Econometrica partners with the Preventive Cardiovascular Nurses Association (PCNA) in developing and deploying a Health Equity Self-Assessment Tool that will help healthcare providers identify areas of improvement in their own practice regarding health equity and refer them to pertinent resources. To launch this initiative, the PCNA and Econometrica team hosted a focus group with cardiovascular healthcare professionals to better understand their needs, barriers, and areas of improvements related to health equity.
Sexually transmitted disease (STD) infections in the United States continued to rise in 2020, with cases of gonorrhea and syphilis in particular surpassing their 2019 levels. Apparent declines in total reported STDs early in the year were likely driven by the effects of the COVID-19 pandemic, which disrupted STD surveillance and treatment efforts across the country and continues to impact our healthcare system.
According to a report released this month by the Centers for Disease Control and Prevention (CDC), 2.4 million cases of STDs were reported in the U.S. in 2020. Congenital syphilis saw the most dramatic increase, with cases rising by almost 15 percent since 2019 and by 235 percent since 2016, while gonorrhea and primary and secondary syphilis cases increased by 10 percent and 7 percent from 2019, respectively. The report also found that some racial and ethnic minority groups, gay and bisexual men, and young people continue to experience higher rates of STDs.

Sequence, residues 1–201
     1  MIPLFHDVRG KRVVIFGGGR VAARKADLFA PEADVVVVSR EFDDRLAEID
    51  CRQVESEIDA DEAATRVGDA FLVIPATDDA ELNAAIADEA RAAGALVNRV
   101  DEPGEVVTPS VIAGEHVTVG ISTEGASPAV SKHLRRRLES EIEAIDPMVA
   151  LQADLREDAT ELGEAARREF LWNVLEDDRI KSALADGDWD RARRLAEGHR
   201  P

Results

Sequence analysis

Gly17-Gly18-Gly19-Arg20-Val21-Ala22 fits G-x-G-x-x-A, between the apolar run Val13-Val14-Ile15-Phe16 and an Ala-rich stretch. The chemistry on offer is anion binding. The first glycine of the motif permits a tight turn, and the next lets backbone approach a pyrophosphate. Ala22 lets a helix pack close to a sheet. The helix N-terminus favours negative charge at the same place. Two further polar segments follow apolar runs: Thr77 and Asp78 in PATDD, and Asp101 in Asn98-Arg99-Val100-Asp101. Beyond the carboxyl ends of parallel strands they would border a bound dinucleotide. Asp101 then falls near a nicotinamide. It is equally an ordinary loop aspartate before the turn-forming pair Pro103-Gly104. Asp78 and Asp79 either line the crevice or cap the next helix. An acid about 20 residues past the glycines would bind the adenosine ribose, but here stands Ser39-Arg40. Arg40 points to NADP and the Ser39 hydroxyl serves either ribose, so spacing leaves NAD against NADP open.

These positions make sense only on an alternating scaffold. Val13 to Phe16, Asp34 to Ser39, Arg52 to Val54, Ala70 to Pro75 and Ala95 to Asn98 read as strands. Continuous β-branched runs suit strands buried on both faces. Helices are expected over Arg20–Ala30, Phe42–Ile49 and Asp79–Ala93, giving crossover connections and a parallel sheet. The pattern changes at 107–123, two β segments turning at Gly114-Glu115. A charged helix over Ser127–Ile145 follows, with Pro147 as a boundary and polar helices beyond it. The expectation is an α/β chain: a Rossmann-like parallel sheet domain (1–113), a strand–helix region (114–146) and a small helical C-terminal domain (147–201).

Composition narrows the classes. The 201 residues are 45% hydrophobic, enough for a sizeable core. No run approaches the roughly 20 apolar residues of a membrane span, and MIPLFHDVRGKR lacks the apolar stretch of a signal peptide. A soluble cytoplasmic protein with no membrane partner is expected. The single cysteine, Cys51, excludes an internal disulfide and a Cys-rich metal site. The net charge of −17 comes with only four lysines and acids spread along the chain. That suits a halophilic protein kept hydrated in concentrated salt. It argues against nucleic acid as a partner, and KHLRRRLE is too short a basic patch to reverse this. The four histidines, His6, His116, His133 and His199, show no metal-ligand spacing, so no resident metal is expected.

Reported cases of chlamydia fell by 13 percent, however, while overall STD cases fell dramatically in the early months of 2020. According to the report, these apparent declines were likely driven not by an actual reduction in new infections but rather by the COVID-19 pandemic, which led to reductions in STD screenings by providers, caused resource and supply shortages, and led many patients to delay or avoid making healthcare visits.
“There were moments in 2020 when it felt like the world was standing still,” according to Dr. Jonathan Mermin, Director of CDC’s National Center for HIV, Viral Hepatitis, STD, and TB Prevention. “But STDs weren’t. The unrelenting momentum of the STD epidemic continued even as STD prevention services were disrupted.”
To read the full CDC report, visit https://www.cdc.gov/std/statistics/2020/default.htm.
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